Dr Simon Camby, Group Chief Education Officer, recently visited Hastings School in Madrid, Spain. Simon shares some reflections from a conversation he shared with Year 12 and 13 students; Paola, Pablo and Sam. 

To suggest that the quality of relationships matter in the process of learning is perhaps stating the obvious. But I was recently reminded that they really matter, a lot.

The best part of any time in school is talking to students as they give such valuable insight. Talking to Paola (Y12), Pablo and Sam (both Y13) from Hastings School in Madrid, they shared insight from their perspective. Our conversation was wide-ranging but one point from Pablo stood out for me.

We were discussing what makes the difference as a learner. For Pablo, it was unequivocally the quality of the teacher-student relationship. We also talked about many other aspects of school, of education and of our rapidly evolving world, including the use of AI. But for Pablo, the relationships were the thing that mattered most.

I also asked Pablo what advice he would give to younger students based on his years of experience and now being at the end of his K12 school career. His strongest advice is to use teachers, to reach out and engage as much as possible. From his perspective, engaging with his teachers both inside and outside of lessons has fuelled his interest, enthusiasm and passion for learning. Pablo is studying Maths, Further Maths, Physics and Spanish. He is currently finalising university offers.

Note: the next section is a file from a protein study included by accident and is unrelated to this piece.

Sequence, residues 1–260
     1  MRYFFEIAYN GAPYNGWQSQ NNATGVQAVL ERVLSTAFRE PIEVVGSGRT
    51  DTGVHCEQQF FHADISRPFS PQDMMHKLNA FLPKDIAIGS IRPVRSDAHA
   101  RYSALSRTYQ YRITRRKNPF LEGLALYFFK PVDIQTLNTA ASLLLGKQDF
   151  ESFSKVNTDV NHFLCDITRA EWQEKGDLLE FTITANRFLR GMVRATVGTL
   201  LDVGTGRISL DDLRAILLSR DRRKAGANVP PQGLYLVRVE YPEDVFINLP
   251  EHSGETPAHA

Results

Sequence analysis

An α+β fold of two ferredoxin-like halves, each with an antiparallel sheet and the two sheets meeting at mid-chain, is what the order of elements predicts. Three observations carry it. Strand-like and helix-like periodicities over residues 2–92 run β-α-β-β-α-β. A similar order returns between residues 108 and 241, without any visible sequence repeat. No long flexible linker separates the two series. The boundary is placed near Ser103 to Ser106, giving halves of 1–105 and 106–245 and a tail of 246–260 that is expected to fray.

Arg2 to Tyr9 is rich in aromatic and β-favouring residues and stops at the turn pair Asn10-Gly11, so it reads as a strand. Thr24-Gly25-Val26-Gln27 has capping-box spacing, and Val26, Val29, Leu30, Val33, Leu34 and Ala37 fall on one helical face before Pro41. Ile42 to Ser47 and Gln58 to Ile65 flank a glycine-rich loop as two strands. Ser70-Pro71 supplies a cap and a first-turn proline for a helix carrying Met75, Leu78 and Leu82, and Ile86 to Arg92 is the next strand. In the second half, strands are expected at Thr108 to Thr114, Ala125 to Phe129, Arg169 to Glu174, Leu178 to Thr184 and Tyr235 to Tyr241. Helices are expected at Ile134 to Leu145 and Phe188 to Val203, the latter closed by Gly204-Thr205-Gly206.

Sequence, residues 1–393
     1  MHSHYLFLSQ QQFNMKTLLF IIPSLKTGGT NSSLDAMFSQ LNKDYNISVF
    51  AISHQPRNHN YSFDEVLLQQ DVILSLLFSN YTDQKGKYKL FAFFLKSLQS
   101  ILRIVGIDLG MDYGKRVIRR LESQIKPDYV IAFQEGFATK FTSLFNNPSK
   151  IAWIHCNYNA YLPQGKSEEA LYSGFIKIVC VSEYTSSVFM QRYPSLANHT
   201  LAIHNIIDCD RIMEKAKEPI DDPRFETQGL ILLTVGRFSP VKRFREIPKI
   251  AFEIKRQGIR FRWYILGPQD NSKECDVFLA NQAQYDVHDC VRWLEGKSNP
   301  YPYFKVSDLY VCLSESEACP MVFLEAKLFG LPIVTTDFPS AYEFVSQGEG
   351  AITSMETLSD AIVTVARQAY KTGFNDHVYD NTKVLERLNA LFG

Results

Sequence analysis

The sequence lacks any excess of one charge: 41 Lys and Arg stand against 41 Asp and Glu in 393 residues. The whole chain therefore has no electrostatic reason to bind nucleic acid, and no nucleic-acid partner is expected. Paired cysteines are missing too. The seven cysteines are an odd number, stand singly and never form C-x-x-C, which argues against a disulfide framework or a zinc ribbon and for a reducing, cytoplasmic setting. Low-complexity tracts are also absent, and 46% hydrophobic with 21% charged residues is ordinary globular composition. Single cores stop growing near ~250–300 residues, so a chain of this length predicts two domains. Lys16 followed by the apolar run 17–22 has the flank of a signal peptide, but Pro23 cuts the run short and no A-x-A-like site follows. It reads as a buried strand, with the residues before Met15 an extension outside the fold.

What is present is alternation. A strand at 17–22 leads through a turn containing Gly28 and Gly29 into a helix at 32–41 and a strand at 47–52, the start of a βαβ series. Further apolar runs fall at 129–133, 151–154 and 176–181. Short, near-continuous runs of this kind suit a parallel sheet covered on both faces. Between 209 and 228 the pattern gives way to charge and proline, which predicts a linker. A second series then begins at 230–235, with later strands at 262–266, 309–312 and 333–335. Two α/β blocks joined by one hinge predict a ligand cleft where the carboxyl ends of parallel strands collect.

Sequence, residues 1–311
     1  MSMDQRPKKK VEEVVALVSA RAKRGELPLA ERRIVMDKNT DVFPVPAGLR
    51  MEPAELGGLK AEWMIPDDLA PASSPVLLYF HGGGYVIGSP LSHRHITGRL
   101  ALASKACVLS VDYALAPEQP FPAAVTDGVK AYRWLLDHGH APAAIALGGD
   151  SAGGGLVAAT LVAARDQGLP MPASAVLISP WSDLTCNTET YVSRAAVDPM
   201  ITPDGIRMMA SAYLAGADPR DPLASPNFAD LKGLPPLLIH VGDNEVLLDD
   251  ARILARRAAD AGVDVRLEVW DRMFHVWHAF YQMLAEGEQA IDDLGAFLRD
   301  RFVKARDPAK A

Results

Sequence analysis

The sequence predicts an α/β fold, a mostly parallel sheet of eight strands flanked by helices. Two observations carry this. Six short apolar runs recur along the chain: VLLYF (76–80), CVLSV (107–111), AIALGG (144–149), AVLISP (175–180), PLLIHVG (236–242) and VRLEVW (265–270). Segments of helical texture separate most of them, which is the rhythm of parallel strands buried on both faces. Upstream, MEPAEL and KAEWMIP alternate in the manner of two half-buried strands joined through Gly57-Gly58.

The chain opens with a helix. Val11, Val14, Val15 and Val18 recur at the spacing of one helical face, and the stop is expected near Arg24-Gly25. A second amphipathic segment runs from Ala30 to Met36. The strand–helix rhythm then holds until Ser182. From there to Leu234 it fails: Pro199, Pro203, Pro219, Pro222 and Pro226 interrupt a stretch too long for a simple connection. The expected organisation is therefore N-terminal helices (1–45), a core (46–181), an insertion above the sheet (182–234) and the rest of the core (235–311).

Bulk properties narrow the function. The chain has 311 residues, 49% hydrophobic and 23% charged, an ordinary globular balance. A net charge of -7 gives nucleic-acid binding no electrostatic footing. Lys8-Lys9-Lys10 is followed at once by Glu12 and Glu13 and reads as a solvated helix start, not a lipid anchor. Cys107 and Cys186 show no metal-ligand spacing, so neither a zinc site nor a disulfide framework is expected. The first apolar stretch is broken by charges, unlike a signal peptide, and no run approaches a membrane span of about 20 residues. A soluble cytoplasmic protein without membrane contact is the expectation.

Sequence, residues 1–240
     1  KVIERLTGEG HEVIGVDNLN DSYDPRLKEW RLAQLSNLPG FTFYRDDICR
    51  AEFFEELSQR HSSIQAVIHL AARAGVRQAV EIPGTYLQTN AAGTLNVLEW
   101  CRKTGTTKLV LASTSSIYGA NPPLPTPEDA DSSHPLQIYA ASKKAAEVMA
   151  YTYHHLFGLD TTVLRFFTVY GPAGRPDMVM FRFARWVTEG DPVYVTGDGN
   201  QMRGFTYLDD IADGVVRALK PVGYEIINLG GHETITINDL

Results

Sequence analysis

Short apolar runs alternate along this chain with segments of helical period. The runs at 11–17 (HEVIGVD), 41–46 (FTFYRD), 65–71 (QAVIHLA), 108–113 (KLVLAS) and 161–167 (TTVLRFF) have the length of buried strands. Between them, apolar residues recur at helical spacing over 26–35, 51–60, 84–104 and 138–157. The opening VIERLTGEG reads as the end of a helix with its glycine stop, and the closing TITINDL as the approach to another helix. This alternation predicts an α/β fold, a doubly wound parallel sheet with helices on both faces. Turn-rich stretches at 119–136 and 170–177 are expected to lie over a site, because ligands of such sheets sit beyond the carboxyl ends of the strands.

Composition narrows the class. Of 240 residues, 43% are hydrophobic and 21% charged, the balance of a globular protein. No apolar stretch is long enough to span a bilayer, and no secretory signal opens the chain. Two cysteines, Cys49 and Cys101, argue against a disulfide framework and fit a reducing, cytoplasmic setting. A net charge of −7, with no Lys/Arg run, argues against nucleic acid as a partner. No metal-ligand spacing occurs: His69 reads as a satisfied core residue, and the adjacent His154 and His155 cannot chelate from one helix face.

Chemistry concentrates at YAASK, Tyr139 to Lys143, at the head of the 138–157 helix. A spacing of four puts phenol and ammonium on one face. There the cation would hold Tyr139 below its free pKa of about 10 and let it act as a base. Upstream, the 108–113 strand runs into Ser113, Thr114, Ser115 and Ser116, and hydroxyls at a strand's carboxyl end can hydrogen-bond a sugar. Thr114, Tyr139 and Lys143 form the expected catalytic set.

We know from evidence that strong teacher-student relationships are crucial. To a large extent, the nature of the relationship with students dictates the impact on them.

Strong teacher-student relationships:

  • shape the way children think and act in school; and
  • improve how well they do at school.

Aside from being grounded in common sense, this is also strongly supported by evidence.

It is teachers who have created positive teacher student relationships that are more likely to have the above average effects on student achievement.
John Hattie (Visible Learning)

When you have a good relationship with your students, they are more likely to feel positive about learning and about school in general. They are also more willing to have a go at hard work, to risk making mistakes, and to ask for help when they need it.

In the Cognita Quality Framework we specifically call out the critical importance of:

Relationships rooted in care and trust that create a positive culture

For me, this is exactly what Pablo was describing in terms of his relationships at Hastings School.

A great way to think about this is outlined by Evidence-Based Teaching:

Teachers who forge high-performance relationships care for their students while simultaneously pressing them to excel. They have a passionate desire to help students learn and improve, which leads them to demand high standards of behaviour and effort. Yet, they also value their kids as people and take an interest in their lives. These teachers provide their students with strong guidance (both academically and behaviourally), while also nurturing personal responsibility and self-regulation.